Who drives regulation?

In a framework where issues must be black and white with no shades of gray, it may make sense from a progressive perspective that any form of regulation on business enacted by government is a “win” on behalf of workers and consumers. However, in the current age when we often hear politicians discuss deregulation, it is important to understand how reality is much more complex than this.

For example, the Sherman Antitrust Act of 1890 made it illegal to form a “combination or conspiracy” to restrain trade in interstate or foreign commerce. However, the U.S. Supreme Court interpreted the act in such a way as to make it largely harmless with decisions like U.S. v. E.C. Knight Co. in 1895, which held that a monopoly in sugar refining was a monopoly in manufacturing, not commerce, and, thus, could not be regulated through the Sherman Act. During the “progressive era,” meanwhile, Teddy Roosevelt gained a reputation as the “trust-buster” and signed into law such legislation as the Meat Inspection Act, the Hepburn Act to regulate railroads and pipelines, and the Pure Food and Drug Act.1

So, were such cases of regulation “wins” for workers and consumers? Well, certainly many citizens benefited to some extent from these changes. Were these new regulations “losses” for corporations? Well, certainly some corporate elites opposed such regulation. However, in some ways, the reforms of this era were an attempt at achieving stability after the financial panic of 1907, while perhaps being sped up by the growing strength of the Socialist party, the IWW, and other trade unions. As opposed to fighting against regulation, it was a “qualitative shift in outlook” toward “enticements and compromises” among many corporate elites2 that facilitated Roosevelt’s partnership with business leaders to guide relatively modest reform. As Roosevelt explained about his reform strategy to his concerned brother-in-law on Wall Street, “I intend to be most conservative, but in the interests of the corporations themselves and above all in the interests of the country” (p. 351).1 In other words, many reforms of this era can be viewed as proactive measures crafted by corporate and political elites working together in an attempt to achieve stability and ward off the potential for more radical reforms that might be forced upon them if workers organizations continued to gain momentum.

The self-regulation of markets by corporate elites is noted by David Harvey, who explains that “unbridled competition among the capitalists has the potential to destroy the work force, the very source of surplus value itself. From time to time, the capitalists must in their own interest constitute themselves as a class and put limits upon the extent of their own competition” (p. 30).3 He notes that Marx interpreted the early English factory acts as an attempt “made by a state that is ruled by capitalists and landlord” to “curb the passion for a limitless draining of labour power” which had “torn up by the roots the living force of the nation.”4 Harvey suggests, “there is, then, a distinction – often rather hazy – between regulation of this sort and regulation obtained through victories of the working class and its allies in the struggle to obtain a reasonable working day” (p. 30).3 Such complexities are important to consider as we think about regulation in the 21st century and ask questions such as: when republicans and democrats “battle” over reform, does one party represent the interests of corporations and the other the interests of workers, or do the two parties represent slightly different strategies for continuing the conditions for maximum corporate accumulation?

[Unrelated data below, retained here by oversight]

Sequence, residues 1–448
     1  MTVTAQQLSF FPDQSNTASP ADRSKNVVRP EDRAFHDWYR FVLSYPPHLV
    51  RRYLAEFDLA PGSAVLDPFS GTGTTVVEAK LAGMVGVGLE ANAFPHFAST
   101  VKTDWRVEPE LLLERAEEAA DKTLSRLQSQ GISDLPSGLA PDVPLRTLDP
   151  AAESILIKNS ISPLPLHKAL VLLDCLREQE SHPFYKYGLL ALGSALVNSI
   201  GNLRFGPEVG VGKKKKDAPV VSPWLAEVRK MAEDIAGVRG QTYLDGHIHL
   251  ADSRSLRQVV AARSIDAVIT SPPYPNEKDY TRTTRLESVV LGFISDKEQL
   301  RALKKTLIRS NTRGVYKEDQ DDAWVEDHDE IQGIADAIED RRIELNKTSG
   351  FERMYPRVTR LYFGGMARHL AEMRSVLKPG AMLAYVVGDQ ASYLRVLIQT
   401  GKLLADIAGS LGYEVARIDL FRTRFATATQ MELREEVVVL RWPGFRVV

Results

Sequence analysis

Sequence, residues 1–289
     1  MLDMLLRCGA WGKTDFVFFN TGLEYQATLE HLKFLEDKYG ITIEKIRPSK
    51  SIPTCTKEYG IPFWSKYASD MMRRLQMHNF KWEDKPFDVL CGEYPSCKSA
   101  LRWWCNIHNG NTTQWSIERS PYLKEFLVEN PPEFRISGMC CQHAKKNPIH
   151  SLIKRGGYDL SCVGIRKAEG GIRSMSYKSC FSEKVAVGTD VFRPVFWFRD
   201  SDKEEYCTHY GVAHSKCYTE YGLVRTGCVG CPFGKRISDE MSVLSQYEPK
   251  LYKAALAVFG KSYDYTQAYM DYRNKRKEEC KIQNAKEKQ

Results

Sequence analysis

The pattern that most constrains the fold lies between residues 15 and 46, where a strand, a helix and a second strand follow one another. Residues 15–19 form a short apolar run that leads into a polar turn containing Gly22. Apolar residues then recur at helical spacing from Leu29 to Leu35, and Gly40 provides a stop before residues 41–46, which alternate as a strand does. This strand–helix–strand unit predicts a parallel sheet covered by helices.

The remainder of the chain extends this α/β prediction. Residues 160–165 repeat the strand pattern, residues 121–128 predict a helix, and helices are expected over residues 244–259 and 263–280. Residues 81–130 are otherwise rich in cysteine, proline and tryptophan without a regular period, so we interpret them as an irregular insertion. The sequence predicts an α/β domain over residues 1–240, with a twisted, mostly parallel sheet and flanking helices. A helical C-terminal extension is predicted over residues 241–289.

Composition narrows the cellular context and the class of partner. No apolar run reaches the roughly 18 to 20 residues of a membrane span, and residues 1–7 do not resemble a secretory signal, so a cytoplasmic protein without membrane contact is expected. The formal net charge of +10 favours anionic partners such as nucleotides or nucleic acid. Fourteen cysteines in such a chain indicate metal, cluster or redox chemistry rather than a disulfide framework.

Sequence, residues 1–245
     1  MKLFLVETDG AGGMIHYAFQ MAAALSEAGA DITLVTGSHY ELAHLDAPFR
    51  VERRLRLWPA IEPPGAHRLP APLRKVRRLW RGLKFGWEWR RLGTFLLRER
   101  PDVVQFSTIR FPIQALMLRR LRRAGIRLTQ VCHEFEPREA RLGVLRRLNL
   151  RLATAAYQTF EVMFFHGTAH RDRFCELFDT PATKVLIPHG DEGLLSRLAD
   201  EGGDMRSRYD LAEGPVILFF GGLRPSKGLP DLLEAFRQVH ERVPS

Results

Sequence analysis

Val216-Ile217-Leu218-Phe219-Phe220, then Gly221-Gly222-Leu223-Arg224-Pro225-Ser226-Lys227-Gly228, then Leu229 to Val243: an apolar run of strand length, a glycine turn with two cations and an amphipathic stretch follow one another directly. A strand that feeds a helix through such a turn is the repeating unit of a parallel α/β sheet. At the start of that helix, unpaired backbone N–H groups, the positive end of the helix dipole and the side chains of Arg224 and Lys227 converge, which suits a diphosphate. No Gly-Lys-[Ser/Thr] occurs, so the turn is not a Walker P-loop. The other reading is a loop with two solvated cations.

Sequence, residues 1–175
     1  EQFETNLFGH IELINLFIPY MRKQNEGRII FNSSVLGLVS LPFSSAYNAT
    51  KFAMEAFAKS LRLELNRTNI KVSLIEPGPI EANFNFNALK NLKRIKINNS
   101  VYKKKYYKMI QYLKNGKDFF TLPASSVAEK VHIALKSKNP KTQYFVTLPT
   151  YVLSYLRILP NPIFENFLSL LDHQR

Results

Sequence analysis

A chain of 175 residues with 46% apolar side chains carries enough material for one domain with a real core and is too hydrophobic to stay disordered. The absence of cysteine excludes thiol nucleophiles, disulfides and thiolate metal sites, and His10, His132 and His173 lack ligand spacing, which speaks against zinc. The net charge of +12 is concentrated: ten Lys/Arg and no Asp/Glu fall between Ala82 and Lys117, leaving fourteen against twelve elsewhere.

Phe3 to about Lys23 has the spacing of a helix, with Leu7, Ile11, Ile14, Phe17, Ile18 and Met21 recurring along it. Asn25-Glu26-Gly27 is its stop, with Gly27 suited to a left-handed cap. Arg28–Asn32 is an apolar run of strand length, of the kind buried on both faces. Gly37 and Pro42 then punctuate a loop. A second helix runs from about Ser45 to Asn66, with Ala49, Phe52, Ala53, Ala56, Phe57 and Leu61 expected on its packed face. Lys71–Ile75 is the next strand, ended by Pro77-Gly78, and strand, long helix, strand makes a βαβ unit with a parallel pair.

Sports Connection: The NCAA is, perhaps, a useful case study in self-regulation. The NCAA formed, in effect, when Teddy Roosevelt threatened to intervene in college sports if changes were not made (he had summoned college athletics leaders to two White House conferences to encourage reform). In order to ward off external regulations that might be placed upon college athletics from the outside, 62 colleges and universities formed the Intercollegiate Athletic Association of the United States (precursor to the NCAA) in 1906.


1. Zinn, H. (2003). A people’s history of the United States: 1942-present. New York: HarperCollins.
2. Wiebe, R. H. (1966). The search for order, 1877-1920. New York: Hill & Wang.
3. Harvey, D. (2006). The limits to capital (new and fully updated edition). New York: Verso.
4. Marx, K. (1887). Capital: vol. 1.


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